Land Trust

Aug 30, 2022 By Triston Martin

The term "land trust" refers to a legal entity that acquires control of or claims over a particular property at the direction of the owner. They are also living trusts which allow the management of properties while alive. Like other kinds of trusts, every land trust's terms are different and can be customized to the specific needs of each individual.

How a Land Trust Works

Land trusts, also linked to the real estate market, are typically utilized to plan your estate. It is designed to be used throughout your life to manage the property. They're revocable trusts, which means they can be canceled or modified. Trusts for land can comprise real property (e.g., houses or buildings), property notes, and mortgages. They are usually used to finance the land used for conservation, wildlife-related purposes, or development.

Land trusts have three main components: the grantor, trustee, and beneficiary. The grantor establishes the trust and then transfers the trust's property. The trustee is responsible for the trust, while beneficiaries are the person who receives the benefits of the trust. Grantors oversee the transfer of assets into a trust will be handled, and decides the terms of the trust. Trustees handle the details regarding the house. For instance, when a rental property is in an estate trust, trustees may be accountable for monitoring, maintaining the building, and collecting rent.

Types of Land Trusts

There are two key types of land trusts. Title-holding trusts permit the owners or entities to hold land in a private manner. The major difference with the conservation land trust is that the property owner has to surrender some land use and development rights.

Title-Holding Land Trust

A title-holding trust permits the owner to remain anonymously in control of all property rights and direct any actions taken by the trust. They are also called Illinois land trusts because they were first developed in Chicago in the 1800s. In the past, property owners weren't permitted to vote on city-related projects within the same area they owned property. To avoid this restriction, wealthy politicians and businessmen used land trusts to purchase land secretly and thus protect their voting rights.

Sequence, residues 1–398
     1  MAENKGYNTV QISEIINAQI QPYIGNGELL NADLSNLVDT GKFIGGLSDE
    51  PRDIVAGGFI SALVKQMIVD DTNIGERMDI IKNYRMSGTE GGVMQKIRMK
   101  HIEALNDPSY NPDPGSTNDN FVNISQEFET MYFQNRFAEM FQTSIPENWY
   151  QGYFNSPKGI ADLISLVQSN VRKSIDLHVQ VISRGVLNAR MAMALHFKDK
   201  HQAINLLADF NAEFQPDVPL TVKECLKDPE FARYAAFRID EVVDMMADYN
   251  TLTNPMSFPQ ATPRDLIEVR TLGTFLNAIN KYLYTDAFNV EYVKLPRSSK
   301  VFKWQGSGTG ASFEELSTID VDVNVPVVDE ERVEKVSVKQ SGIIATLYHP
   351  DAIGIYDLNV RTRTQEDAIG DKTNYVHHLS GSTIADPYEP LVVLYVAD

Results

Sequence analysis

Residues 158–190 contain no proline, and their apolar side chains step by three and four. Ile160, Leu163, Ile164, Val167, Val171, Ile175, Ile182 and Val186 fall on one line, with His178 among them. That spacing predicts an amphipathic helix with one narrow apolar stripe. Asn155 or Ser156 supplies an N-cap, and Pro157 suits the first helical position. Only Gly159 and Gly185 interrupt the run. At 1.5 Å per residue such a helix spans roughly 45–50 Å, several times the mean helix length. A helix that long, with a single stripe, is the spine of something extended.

The 50 states don't have a legal framework for the title-holding trust. But most states adhere to the Illinois laws on land trusts if they do not have their own, which means that anyone can create an Illinois-style property trust within any state, provided they have appropriate legal guidelines.

Conservation Land Trust

Conservation land trusts require the landowner to give up certain land use and development rights. Conservation land trusts protect wildlife, historic and cultural places, and natural resources against commercialization and other activities that could cause destruction or environmental damage.

Requirements for a Title-Holding Land Trust

In a title-holding trust, the landowner signs an instrument known as the Deed in Trust, which gives legal title to the property. When establishing the trust, the land owner (both the trust grantor and the beneficiary) can specify how the property is to be administered and who is in charge of it. The way income it generates is dispersed. That means that, while the trust holds the title for the land, on paper, the landowner has total control over the property.

Trusts that hold the title are an opportunity for property owners to protect their privacy and shield valuable assets from the rigors of probate. They also offer various other benefits to estate planning and shield assets from judgments or liens. This is especially beneficial for those extremely wealthy or famous, as well as large corporations who might wish to keep their plans for development hidden from the public.

Requirements for a Conservation Land Trust

A conservation trust, however, won't necessarily assume the land's title in the event it is given in its entirety. Instead, the landowner could sign an agreement legally binding called an easement for conservation, essentially "donating" their development rights to the trust. The trust is charged with keeping the easement in force and, in some instances taking care of the property.

Conservation easements can be customized so that the landowner maintains ownership and rights to use the land, for example, the rights to continue to farm or raise livestock while ensuring the land remains undeveloped for the rest of its life. Conservation easements "follow the land," meaning the easement conditions will remain in effect even if the property is sold or handed over to descendants.

Special Considerations

There's a second crucial distinction between title-holding and conservation land trusts. The donation to the latter can provide you with a substantial tax benefit. If a landowner gives the rights to develop to an environmental trust, they will get a tax deduction equivalent to the difference between the worth of the land in its current condition (with an easement still in effect) in comparison to what it would be worth if designed to it's "highest and best use." In some instances, the deduction could make millions.

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